Deep brain stimulators (DBS) are a neurotechnological means of treating a variety of movement disorders, including essential tremor (ET). Current stimulation systems apply an electrical current to targets in the brain at a constant rate for as long as they are implanted and activated—treating symptoms but causing uncomfortable side-effects and in client power usage. Some users feel estranged or isolated for various reasons. Next-generation DBS systems could use the patient’s self-modulated neural signals to trigger stimulation. These brain-computer interface-triggered DBS (BCI-DBS) systems would give the user the ability to moderate side-effects and reduce battery power consumption. It’s not yet clear, however, whether neural control will alleviate or exacerbate psychosocial problems. To explore these concerns, we conducted interviews with an ET patient using an experimental BCI-DBS platform. Our interviews offer preliminary insights about what problems ET patients may face while using BCI-DBS.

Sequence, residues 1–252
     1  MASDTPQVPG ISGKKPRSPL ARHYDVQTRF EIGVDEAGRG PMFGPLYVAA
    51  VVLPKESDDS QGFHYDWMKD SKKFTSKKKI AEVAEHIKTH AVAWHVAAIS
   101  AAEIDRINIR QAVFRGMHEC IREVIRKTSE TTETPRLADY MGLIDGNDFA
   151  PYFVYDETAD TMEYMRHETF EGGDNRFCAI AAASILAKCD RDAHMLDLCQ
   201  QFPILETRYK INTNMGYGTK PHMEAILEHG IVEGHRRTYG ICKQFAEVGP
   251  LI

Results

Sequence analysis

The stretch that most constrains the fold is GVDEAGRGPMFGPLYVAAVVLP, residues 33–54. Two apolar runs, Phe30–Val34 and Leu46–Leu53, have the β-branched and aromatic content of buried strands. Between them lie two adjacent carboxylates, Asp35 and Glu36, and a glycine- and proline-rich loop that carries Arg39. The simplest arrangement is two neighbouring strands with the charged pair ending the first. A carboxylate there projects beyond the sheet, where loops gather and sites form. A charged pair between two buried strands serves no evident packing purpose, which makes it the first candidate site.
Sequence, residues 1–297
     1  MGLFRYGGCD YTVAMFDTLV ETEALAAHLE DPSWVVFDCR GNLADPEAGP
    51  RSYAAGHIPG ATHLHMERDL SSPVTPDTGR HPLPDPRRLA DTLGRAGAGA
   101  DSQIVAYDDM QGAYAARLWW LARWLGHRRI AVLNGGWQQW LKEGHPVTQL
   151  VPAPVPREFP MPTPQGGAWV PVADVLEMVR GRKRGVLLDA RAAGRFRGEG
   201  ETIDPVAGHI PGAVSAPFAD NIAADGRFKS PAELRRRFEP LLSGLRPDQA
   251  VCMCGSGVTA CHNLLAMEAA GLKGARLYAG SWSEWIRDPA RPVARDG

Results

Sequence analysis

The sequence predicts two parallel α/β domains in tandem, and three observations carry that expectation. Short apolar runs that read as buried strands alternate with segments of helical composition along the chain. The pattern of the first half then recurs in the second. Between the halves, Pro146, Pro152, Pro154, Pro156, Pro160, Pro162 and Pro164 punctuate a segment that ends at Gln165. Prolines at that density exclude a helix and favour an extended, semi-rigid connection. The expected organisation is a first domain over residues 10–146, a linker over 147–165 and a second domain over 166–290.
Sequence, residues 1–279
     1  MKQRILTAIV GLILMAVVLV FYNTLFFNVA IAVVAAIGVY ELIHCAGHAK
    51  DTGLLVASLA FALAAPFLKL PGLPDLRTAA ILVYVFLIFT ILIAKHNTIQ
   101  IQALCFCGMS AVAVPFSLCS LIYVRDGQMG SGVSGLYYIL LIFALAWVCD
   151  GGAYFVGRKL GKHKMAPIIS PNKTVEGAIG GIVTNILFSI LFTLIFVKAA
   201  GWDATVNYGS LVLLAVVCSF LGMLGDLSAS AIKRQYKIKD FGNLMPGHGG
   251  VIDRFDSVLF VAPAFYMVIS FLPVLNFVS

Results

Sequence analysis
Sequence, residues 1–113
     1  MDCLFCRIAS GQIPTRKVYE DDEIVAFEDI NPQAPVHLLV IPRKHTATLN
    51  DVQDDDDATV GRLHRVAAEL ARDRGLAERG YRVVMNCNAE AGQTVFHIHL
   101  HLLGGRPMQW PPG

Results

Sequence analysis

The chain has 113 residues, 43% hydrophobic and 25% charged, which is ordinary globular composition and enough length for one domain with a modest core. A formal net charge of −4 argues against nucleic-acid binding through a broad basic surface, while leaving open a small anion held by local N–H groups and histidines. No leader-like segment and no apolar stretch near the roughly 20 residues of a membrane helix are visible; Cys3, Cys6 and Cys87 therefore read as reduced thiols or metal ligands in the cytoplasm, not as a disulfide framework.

Controlling Our Brains – a Case Study on the Implications of Brain-Computer Interface-Triggered Deep Brain Stimulation for Essential Tremor.
Brown, Timothy, Margaret C Thompson, Jeffrey Herron, Andrew Ko, Howard Chizeck, and Sara Goering. “Controlling Our Brains – a Case Study on the Implications of Brain-Computer Interface-Triggered Deep Brain Stimulation for Essential Tremor.” Brain-Computer Interfaces, September 14, 2016: 1–6.